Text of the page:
Life changed under the Romans, but not much and not for me – I was just known by a new name: Melite (or Melita). Roman rule ushered in an era of prosperity. I was larger in those days, my outer walls extended to the nearby town that is now called Rabat. It was a time of conquest and the Caesars were hungry for new lands and riches, the legions were constantly marching and there was war in many places much further north – places like Gaul and Brittania – but those events did not affect life here in the Mediterranean. Over here there was no question as to who was the Mistress of the Seas. Rome’s power held sway with a vice-like grip but with it came the Pax Romana, long years of peace during which trade flourished and the population increased.
Ruins of a Roman domus just outside the walls of Mdina (which can be seen in the background).
It was during this time that Paul, a preacher from Tarsus, was shipwrecked on these shores while on his way to Rome to be tried for treason against the emperor. They brought him to a cave within my walls and held him prisoner here for 3 months. Paul used his time here to preach the words of Jesus to the inhabitants and the Roman governor Publius was one of the first converts to this new faith.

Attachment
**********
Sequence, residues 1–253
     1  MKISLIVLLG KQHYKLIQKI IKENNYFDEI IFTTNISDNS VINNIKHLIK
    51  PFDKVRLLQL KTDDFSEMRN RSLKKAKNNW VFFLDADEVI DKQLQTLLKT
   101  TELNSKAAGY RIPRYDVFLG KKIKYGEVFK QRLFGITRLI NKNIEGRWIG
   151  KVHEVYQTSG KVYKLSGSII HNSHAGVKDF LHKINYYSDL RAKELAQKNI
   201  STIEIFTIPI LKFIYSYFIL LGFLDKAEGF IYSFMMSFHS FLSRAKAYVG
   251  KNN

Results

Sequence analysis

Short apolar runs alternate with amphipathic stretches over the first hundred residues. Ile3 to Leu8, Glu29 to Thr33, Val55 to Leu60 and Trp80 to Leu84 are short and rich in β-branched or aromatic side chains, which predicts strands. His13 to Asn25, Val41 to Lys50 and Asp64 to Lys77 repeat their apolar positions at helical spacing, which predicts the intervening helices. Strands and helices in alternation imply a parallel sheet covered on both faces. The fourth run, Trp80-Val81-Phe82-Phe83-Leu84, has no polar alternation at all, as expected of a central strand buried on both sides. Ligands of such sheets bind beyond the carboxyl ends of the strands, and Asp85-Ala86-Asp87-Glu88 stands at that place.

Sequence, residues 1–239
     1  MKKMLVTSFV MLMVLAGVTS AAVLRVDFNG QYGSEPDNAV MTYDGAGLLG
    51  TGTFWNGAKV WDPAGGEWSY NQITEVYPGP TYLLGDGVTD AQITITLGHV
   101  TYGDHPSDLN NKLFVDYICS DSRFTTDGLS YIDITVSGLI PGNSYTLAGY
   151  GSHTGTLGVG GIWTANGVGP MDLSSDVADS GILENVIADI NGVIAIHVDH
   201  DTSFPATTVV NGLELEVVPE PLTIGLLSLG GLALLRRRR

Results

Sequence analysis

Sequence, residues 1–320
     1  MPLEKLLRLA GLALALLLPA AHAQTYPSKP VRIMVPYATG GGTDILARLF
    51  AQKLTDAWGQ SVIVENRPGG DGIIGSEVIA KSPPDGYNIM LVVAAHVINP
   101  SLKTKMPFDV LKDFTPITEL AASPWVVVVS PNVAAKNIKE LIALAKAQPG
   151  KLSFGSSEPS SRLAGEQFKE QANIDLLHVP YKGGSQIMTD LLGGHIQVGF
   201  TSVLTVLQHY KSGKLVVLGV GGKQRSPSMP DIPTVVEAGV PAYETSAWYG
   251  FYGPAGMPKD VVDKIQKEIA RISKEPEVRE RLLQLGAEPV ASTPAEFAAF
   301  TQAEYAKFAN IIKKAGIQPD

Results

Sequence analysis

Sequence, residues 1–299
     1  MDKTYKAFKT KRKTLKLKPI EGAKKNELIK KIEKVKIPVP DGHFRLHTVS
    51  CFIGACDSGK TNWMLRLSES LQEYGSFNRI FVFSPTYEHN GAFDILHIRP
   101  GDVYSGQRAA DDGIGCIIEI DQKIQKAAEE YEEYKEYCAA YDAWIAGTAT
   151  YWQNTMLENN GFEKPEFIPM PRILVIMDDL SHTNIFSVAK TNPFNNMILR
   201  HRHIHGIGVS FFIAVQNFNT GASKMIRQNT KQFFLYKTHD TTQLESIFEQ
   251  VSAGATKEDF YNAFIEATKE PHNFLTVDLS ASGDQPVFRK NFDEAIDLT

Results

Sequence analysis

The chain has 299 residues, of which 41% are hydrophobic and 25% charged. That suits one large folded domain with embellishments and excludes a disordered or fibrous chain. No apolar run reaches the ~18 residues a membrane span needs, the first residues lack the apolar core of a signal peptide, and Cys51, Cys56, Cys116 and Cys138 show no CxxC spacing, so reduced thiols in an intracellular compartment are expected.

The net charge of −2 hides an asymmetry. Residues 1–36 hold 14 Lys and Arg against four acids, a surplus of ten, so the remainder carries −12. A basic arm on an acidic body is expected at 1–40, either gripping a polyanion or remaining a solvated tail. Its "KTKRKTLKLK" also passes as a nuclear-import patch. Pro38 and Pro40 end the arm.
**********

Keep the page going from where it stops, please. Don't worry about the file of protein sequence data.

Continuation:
Life here continued peacefully, for the most part, interrupted every now and then by raids from Cilician pirates. In 117AD, emperor Hadrian granted the Island the status of Municipium. This meant that the inhabitants had the same rights as the citizens of Rome except for the right to vote.
Ruins of a Roman domus just outside the walls of Mdina
While generations lived and died within my walls and in the communities scattered around the island, the winds of war were gathering over the mighty empire that Rome had become.The empire was divided into two and the islands were placed under the jurisdiction of the Eastern empire. During this period of turmoil the island fell to the Vandals only to be re-conquered for the eastern empire by general Belisarius in 535AD. So once again I had a new ruler. The Byzantines fortified my walls and made me secure but that was not enough to prevent the next wave of invaders from conquering this land. In 870AD Melita fell to new invaders from the east – the Arabs.
This is the second chapter in Mdina’s story – the Roman chapter. Remains from that era have been found and historians are always trying to piece together the story of an island whose only importance was its strategic position in the centre of the Mediterranean. A lot of evidence from this period now lies buried under the Mdina and Rabat that we know today. Land is scarce here and, in ages past, remains of an old Roman city would have been deemed of little or no importance. So these remains would filled in and new buildings built on top of them. About 10 years ago, while road works were being carried out in various streets in Mdina, Roman ruins were found beneath the level of the current street. Work had to stop while historians and archeologists did their thing. Then the trenches were filled and Melite continued to dream uninterruptedly, as she had for so many centuries in the past.